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UPDATED: February 18, 2008 Web Exclusive
Olympic Channel: Brilliant Prospects
Despite the uncertainty surrounding the appointment of commentators for the Olympic Games, CCTV Sports seems set to create history

Jiang Heping, CCTV Sports Executive Director, has been making full preparations to cover the 2008 Beijing Olympics ever since CCTV-5, the country's major sport channel, became a 24-hour Olympic Channel on January 1 this year.

"We work over 12 hours every day now, and will surely not be able to enjoy even one contest peacefully during the Games," said Jiang.

According to the company's plan, the channel will launch a 40-minute program to cover the Olympic Torch Relay every day from March 24, focusing on activities held around the torch relay venues overseas and on Mount Qomolangma.

It will be a record in television history when the channel broadcasts the entire torch relay, which encompasses 21 cities overseas and 113 cities domestically, said Jiang. The move, however, indicates that the Olympic Channel, the strongest sporting media in China, is marching toward the international market. Nevertheless, the channel should be propped up by qualified personnel, a problem the company is dealing with.

A simple example: the sports channel is scheduled to cover the Olympic torch relay on Qomolangma during the first two weeks in May. The activity requires reporters to climb the world's highest mountain to interview people and photograph the venues. But who will be the anchor and who the photographer remains unknown yet.

It would be a grim test for anyone conducting interviews and photographing at 8,844.43 meters, and there is at present no CCTV anchor with that kind of climbing experience. But Jiang disclosed that some students at the Tibetan Climbing School have been training in terms of TV photography in Beijing, and the photographers for the event are expected to emerge from among them.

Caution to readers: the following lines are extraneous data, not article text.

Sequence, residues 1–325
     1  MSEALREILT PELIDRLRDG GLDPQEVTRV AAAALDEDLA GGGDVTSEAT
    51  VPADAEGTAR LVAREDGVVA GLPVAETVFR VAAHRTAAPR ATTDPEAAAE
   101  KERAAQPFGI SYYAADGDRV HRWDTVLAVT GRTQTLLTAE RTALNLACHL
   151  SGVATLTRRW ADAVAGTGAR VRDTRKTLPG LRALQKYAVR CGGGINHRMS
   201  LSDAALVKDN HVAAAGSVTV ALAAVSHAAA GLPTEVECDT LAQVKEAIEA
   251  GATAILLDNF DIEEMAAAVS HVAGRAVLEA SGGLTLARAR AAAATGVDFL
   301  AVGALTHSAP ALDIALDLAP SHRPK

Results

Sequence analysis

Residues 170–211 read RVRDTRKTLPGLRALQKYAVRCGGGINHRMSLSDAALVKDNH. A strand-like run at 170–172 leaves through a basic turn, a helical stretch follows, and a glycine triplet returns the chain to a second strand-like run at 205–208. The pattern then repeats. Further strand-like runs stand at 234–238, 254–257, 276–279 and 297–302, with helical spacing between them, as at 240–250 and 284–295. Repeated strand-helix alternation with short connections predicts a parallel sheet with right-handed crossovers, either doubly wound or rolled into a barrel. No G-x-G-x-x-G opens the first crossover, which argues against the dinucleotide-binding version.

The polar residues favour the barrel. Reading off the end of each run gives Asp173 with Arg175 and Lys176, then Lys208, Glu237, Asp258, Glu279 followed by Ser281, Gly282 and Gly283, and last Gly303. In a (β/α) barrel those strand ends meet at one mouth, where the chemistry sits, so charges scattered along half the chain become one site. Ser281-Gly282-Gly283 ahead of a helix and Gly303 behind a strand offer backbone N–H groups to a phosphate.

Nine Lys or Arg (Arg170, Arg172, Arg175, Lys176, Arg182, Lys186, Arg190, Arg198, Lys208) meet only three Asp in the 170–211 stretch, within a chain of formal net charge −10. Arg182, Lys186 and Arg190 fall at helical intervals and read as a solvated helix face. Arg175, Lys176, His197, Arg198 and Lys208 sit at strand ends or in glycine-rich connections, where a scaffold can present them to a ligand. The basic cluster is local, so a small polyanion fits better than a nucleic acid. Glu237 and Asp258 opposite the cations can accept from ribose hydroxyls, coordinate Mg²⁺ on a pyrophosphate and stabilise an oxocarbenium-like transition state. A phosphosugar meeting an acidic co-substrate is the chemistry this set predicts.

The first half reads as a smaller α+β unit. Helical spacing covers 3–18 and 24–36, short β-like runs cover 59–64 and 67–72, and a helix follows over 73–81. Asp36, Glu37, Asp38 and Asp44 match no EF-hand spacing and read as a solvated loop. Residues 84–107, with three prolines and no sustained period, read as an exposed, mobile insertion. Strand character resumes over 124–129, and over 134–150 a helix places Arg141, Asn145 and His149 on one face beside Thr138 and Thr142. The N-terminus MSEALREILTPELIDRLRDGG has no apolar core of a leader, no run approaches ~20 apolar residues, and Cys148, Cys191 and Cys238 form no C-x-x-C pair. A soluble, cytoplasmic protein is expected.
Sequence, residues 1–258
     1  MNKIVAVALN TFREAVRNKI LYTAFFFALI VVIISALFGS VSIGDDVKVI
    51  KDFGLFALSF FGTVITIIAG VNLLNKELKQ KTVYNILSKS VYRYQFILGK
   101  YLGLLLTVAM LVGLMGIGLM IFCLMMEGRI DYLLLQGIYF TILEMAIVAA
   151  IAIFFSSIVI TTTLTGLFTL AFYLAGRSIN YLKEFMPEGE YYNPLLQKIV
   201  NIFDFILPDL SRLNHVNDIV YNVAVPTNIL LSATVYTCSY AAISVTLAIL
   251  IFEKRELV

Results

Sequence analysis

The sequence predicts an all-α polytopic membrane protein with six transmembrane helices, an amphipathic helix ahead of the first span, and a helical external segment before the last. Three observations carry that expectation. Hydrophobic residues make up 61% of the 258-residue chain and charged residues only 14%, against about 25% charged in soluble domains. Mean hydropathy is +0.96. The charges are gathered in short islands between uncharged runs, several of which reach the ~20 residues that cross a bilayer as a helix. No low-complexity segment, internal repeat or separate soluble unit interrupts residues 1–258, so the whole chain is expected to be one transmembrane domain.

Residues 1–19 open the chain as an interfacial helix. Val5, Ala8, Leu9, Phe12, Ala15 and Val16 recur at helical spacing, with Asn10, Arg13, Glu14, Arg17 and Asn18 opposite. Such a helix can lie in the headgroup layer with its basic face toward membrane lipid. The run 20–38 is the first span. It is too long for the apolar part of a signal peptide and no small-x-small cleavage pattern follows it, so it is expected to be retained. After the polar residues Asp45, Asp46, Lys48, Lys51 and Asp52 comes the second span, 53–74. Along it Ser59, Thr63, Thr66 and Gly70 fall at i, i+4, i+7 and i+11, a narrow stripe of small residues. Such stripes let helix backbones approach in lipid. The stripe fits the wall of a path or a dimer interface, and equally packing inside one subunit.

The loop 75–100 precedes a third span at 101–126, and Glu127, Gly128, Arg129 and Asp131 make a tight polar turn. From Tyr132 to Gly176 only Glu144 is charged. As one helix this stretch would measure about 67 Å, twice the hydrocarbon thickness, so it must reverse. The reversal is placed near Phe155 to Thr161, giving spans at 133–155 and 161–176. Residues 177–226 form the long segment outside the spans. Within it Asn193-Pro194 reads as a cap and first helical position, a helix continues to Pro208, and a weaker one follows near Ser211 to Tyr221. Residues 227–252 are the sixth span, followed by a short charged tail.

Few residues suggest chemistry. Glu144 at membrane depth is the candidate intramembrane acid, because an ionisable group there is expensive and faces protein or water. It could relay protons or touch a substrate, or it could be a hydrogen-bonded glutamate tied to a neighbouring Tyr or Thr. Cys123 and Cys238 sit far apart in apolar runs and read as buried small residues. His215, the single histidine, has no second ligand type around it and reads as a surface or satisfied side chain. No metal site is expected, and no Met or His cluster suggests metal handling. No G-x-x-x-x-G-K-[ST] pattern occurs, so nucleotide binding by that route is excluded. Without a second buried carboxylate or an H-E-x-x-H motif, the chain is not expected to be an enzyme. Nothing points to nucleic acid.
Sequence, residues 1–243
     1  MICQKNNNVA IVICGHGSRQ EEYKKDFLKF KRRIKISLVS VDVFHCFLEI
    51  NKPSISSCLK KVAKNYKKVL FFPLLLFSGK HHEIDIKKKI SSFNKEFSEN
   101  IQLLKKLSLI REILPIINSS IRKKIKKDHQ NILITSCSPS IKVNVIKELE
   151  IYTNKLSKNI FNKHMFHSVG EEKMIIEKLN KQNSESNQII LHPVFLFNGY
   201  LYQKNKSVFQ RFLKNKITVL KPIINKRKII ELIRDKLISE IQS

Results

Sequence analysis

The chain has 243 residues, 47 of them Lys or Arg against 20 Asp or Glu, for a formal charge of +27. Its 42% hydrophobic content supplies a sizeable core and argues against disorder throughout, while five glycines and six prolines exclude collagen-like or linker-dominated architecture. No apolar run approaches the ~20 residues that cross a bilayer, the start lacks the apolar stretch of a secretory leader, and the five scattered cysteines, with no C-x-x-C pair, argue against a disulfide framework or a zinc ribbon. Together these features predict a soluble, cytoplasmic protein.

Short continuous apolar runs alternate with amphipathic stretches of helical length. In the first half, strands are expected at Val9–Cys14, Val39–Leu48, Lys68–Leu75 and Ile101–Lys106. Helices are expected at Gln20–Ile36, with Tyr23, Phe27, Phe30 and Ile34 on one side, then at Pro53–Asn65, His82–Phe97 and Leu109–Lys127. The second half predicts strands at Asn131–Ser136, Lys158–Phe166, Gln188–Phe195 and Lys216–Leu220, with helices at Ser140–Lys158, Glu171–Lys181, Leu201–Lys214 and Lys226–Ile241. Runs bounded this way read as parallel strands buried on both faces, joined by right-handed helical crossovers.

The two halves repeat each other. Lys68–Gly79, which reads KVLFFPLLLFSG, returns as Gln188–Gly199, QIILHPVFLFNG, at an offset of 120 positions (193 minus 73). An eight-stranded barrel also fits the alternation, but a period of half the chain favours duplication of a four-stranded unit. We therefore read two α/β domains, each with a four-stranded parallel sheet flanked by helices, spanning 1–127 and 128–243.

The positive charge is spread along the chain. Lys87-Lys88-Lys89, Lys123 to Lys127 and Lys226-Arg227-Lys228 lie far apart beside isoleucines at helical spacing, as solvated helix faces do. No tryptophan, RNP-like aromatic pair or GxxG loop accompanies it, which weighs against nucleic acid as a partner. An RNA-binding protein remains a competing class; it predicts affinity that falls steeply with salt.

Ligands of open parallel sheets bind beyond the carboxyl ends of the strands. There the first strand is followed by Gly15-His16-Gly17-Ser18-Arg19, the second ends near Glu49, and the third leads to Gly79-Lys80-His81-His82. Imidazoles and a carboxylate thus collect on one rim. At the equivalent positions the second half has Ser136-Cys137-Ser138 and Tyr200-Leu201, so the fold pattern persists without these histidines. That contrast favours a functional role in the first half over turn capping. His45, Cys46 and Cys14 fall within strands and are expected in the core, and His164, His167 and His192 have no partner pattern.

In accordance with CCTV's overall plan, other CCTV channels and digital TV channels will cooperate with CCTV-5 to meet the different demands of viewers. CCTV-1 will concentrate on coverage of the panoramic scene related to the Games in Beijing, and CCTV-2 will focus on international competitions that have drawn the attention of the Chinese audience.

For the sports channel, the most arduous tasks will be during the Games, starting August 8 and closing on August 24, when 28 events will be broadcast. In addition to the important opening ceremony, the channel will relay all the events live, including on-the-spot reports in 30 fields and stadiums, and live comments and narrations in 18 locales.

"This is a huge platform that requires us to attract outstanding anchors and commentators, to form a national team," said Jiang.

Chinese sports commentators have recently been embroiled in dispute. The old generation of narrators, Song Shixiong for instance, was well received by audience in 1980s. In the mid-1990s, a new generation of commentators -- represented by Zhang Bin, Huang Jianxiang and Liu Jianhong -- came into prominence, forming a professional cadre, as it were. Then Huang resigned after losing his cool during a live broadcast of the Italy-Australia World Cup match in Germany, in 2006. And Zhang has not appeared on TV since the beginning of this year.